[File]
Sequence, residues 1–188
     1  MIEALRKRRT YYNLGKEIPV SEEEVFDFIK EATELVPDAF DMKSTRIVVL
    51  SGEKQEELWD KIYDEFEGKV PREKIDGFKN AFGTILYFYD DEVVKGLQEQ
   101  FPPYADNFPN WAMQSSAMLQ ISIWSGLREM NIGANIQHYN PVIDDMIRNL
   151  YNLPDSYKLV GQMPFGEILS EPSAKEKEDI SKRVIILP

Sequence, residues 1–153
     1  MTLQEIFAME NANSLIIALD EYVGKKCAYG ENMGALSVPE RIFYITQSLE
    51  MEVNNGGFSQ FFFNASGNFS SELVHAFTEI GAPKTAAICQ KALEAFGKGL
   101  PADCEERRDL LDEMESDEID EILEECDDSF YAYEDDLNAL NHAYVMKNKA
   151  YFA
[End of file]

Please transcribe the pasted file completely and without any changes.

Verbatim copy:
Sequence, residues 1–188
     1  MIEALRKRRT YYNLGKEIPV SEEEVFDFIK EATELVPDAF DMKSTRIVVL
    51  SGEKQEELWD KIYDEFEGKV PREKIDGFKN AFGTILYFYD DEVVKGLQEQ
   101  FPPYADNFPN WAMQSSAMLQ ISIWSGLREM NIGANIQHYN PVIDDMIRNL
   151  YNLPDSYKLV GQMPFGEILS EPSAKEKEDI SKRVIILP

Sequence, residues 1–153
     1  MTLQEIFAME NANSLIIALD EYVGKKCAYG ENMGALSVPE RIFYITQSLE
    51  MEVNNGGFSQ FFFNASGNFS SELVHAFTEI GAPKTAAICQ KALEAFGKGL
   101  PADCEERRDL LDEMESDEID EILEECDDSF YAYEDDLNAL NHAYVMKNKA
   151  YFA